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The mission of the Hispanic Federation is to empower and advance the Hispanic community. Hispanic Federation provides grants and services to a broad network of Latino non-profit agencies serving the most vulnerable members of the Hispanic community and advocates nationally on vital issues of education, health, immigration, civil rights, economic empowerment, civic engagement, and the environment.

Mi Familia Vota is a national civic engagement organization that unites Latino, immigrant, and allied communities to promote social and economic justice through citizenship workshops, voter registration, and voter participation. Mi Familia Vota has operations in Arizona, California, Colorado, Florida, Nevada, and Texas.

Latino Community Fund of Georgia supports Latino-serving nonprofit organizations in Georgia with advocacy, program development, technical assistance and grant making. Our mission is to be a catalyst for investment, collaborative work, and positive narrative with and within the Latinx/Hispanic Community in Georgia.

GALEO’s mission is to increase civic engagement and leadership of the Latino/Hispanic community across Georgia. GALEO strives for a better Georgia where the Latino community is engaged civically and its contributions and concerns are recognized.

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GALEO Institute for Leadership Graduated 22 New Leaders in the State of Georgia

GALEO Institute for Leadership Graduated 22 New Leaders in the State of Georgia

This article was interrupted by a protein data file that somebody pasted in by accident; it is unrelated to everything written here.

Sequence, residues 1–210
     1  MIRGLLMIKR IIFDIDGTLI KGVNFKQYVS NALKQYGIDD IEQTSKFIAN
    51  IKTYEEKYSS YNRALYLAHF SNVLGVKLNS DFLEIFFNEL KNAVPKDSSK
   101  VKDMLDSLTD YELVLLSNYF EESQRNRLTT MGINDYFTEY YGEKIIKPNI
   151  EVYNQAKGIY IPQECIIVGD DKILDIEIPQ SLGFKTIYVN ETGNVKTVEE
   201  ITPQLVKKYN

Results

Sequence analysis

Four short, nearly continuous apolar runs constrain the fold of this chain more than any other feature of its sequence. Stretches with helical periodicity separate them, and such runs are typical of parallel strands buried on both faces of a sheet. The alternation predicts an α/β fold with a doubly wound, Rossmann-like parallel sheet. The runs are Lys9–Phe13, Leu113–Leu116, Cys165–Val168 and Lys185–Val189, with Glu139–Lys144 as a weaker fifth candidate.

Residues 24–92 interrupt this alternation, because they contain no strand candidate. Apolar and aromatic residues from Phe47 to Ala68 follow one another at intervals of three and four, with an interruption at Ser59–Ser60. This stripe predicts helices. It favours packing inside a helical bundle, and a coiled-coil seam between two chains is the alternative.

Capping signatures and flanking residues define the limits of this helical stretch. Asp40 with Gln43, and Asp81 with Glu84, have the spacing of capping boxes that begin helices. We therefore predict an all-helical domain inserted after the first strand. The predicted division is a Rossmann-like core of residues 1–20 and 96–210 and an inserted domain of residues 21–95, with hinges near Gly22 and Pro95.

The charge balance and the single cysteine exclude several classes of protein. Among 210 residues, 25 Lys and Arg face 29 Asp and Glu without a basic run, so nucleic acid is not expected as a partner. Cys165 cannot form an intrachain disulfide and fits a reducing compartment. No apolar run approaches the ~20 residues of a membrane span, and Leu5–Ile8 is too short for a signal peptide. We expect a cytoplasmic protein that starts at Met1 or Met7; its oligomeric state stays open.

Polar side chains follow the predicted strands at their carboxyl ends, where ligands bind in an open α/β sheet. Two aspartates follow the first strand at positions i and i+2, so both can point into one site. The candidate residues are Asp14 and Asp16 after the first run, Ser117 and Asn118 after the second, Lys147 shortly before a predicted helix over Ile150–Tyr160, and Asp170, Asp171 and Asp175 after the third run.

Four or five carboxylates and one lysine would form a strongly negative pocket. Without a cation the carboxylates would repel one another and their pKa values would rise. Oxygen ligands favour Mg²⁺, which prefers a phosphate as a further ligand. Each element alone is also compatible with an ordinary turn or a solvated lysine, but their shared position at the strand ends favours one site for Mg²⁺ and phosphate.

Graduates Join 725 Alumni of the GALEO Institute for Leadership

Press Release

FOR IMMEDIATE RELEASE

Jerry Gonzalez, GALEO

jerry@galeo.org, 678.691.1086

Opening Reception- February 14th, 2020

Tuesday, November 17, 2020 (Norcross, GA) – GALEO graduated 22 new leaders from the GALEO Institute for Leadership (GIL), which held a graduation reception on Saturday, November 14, 2020 at The Nett Church in Lilburn, GA.  The graduation was held with strict safety measures in place to protect against COVID19 by keeping graduates in their cars, listening to the graduation program over zoom, wearing masks and social distancing.

This is the 23rd group of graduates resulting from GALEO’s leadership development efforts. The total number of GALEO Institute for Leadership alumni now stands at 725 people from across the state.

This year’s cohort marks a commendable commitment to service in their community by completing the program during a challenging pandemic and a contentious 2020 election. The cohort is made up of a diverse set of professionals who are teachers, organizers, service workers, entrepreneurs, legal professionals, students and much more. GALEO commends the class for their perseverance and their commitment through not only the completion of the program but an additional five service projects all focused on the 2020 Presidential Elections.

GALEO Institute for Leadership graduates heard inspiring words from GALEO Chief Executive Director, Jerry Gonzalez and GALEO Coordinator for Operations & Communications, Polo Vargas. The cohort also heard from two of their own graduating class, Nancy Vicente and Claudia Valencia.

Jerry Gonzalez took a moment to remind the cohort that Georgia would not be where it is today, breaking records in voter turnout, without the efforts of every 2020 GIL participant who took it upon themselves to advocate and get out the vote through their projects.

Nancy Vicente reminds us that through the exposure of new experiences and opportunities we will more often than not see people reflect the same sense of duty we feel to our community. She says, “Through this experience I have learned that leaders aren’t the people giving speeches, winning awards, or getting credit for their work. Leaders are the people willing to do the groundwork, the people willing to organize movements and step back from the spotlight to make sure people are focused on issues, not people.”